Second, I'm using CentOS 7 and followed a good How To written for CentOS 7 and Digital Ocean. I used BSD many years ago and found it to be a superb OS. I haven't used Free BSD, however it seems to push the envelope like the Debian crowd and Fedora. IPSEC is not the most popular VPN in the free x86 OS community, and it makes the greatest demands on standards compliance. One is often better off with a distribution that hangs back from the bleeding edge and concentrates on stability and standards.

    One final bit of advice, if you have ever used OpenVPN don't try to use your knowledge of it on IPSEC, they are completely different animals.

    LeapSTR100-2/10.3.2.2876
    08-21-16 09:17 AM
  8. gariac's Avatar
    Not sure what you mean by dialing out.

    Two things:

    First, I'm not using certificates. People always think certificates are better without really thinking it through. There is no real security advantage using a PK certificate over a shared symmetric key of equivalent entropy. In fact the other way around since you need a 4096 bit RSA key pair to get the same brute force strength as a 256 bit key derived from a strong password. The only problem with using password derived shared secrets is that if you share them too much they aren't secrets anymore. Since only my wife and I use my VPN, only I know the shared secret. Not using certificates makes getting IPSEC going a lot simpler, so you should think about the use case for certificates in your situation.

    Second, I'm using CentOS 7 and followed a good How To written for CentOS 7 and Digital Ocean. I used BSD many years ago and found it to be a superb OS. I haven't used Free BSD, however it seems to push the envelope like the Debian crowd and Fedora. IPSEC is not the most popular VPN in the free x86 OS community, and it makes the greatest demands on standards compliance. One is often better off with a distribution that hangs back from the bleeding edge and concentrates on stability and standards.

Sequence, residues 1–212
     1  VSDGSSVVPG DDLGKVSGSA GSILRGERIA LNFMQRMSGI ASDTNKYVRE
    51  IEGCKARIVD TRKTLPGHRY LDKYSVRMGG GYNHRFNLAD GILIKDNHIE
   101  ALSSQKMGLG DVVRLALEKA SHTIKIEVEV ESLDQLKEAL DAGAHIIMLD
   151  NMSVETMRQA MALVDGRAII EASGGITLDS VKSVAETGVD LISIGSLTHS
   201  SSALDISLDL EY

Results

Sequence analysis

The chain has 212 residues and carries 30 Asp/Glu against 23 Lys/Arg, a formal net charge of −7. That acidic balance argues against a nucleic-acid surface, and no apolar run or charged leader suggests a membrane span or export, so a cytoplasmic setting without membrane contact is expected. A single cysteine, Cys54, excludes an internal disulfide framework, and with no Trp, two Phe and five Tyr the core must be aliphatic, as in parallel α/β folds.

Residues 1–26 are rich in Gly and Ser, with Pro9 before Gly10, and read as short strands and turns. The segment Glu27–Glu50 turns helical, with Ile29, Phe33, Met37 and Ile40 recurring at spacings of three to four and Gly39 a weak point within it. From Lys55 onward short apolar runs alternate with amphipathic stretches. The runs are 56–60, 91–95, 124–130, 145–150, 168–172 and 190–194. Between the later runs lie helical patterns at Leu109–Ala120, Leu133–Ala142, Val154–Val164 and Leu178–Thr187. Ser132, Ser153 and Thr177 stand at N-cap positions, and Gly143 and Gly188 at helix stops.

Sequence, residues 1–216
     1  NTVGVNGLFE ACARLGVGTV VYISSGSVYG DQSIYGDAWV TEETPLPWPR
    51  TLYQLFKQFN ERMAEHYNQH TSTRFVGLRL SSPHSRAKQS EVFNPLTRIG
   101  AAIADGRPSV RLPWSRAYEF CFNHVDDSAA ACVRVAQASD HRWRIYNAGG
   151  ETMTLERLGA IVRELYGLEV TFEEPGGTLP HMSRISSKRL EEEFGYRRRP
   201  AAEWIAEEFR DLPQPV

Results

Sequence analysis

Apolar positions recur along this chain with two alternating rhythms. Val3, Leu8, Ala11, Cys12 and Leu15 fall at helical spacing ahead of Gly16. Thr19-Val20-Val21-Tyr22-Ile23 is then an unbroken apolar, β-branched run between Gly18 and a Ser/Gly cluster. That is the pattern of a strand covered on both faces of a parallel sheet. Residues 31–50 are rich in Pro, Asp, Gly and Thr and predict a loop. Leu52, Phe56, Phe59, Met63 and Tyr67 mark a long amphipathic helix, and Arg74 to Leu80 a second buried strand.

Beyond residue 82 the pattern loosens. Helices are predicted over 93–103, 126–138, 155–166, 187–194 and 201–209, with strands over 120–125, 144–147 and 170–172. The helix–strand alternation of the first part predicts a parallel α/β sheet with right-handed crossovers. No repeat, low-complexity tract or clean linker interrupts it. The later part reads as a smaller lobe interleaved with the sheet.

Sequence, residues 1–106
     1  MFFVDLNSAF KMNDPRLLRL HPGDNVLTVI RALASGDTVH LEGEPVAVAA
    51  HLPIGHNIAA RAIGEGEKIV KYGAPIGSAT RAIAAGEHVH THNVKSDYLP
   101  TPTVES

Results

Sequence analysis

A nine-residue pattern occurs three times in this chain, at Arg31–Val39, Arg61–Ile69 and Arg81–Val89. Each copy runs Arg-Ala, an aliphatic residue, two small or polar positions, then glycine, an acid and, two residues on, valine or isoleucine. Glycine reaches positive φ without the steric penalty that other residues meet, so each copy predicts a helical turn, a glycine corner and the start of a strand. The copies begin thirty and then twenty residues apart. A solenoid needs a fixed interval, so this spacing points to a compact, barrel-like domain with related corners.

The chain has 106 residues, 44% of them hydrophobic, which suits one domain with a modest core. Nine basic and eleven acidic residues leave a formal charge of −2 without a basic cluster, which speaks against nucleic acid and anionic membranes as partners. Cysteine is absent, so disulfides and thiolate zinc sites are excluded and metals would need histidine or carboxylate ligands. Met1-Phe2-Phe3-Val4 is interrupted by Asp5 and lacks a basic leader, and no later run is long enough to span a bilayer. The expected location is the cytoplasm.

One final bit of advice, if you have ever used OpenVPN don't try to use your knowledge of it on IPSEC, they are completely different animals.

    LeapSTR100-2/10.3.2.2876
    By dialing out, I mean I can't connect to the Internet. The VPN is established, but I can't connect to the outside world. I have google's DNS on the dropplet.

    I will go look for the centos guide, but of course the firewall will be different.

    I needed the cert for email anyway. Sometimes certs are easy, like prosody. But the VPN and email were very particular.

    Posted via CB10
    08-21-16 07:56 PM
  9. Richard Buckley's Avatar
    By dialing out, I mean I can't connect to the Internet. The VPN is established, but I can't connect to the outside world. I have google's DNS on the dropplet.

    I will go look for the centos guide, but of course the firewall will be different.

    I needed the cert for email anyway. Sometimes certs are easy, like prosody. But the VPN and email were very particular.

    Posted via CB10
    That sounds like you don't have IP forwarding turned on. In Linux that is a kernel parameter. Don't know ho that is handled in Free BSD. Then you will need to have NAT configured.

    Just because you have the certificate doesn't mean it is better to use it. It is generally easier to setup email over TLS with a certificate than without. Not true with strong swan.

    If you are committed to Free BSD you need to find a good current description of how to do it for that OS. Either that or you will need to work out all the OS requirements yourself.

    LeapSTR100-2/10.3.2.2876
    08-22-16 04:49 AM
  10. gariac's Avatar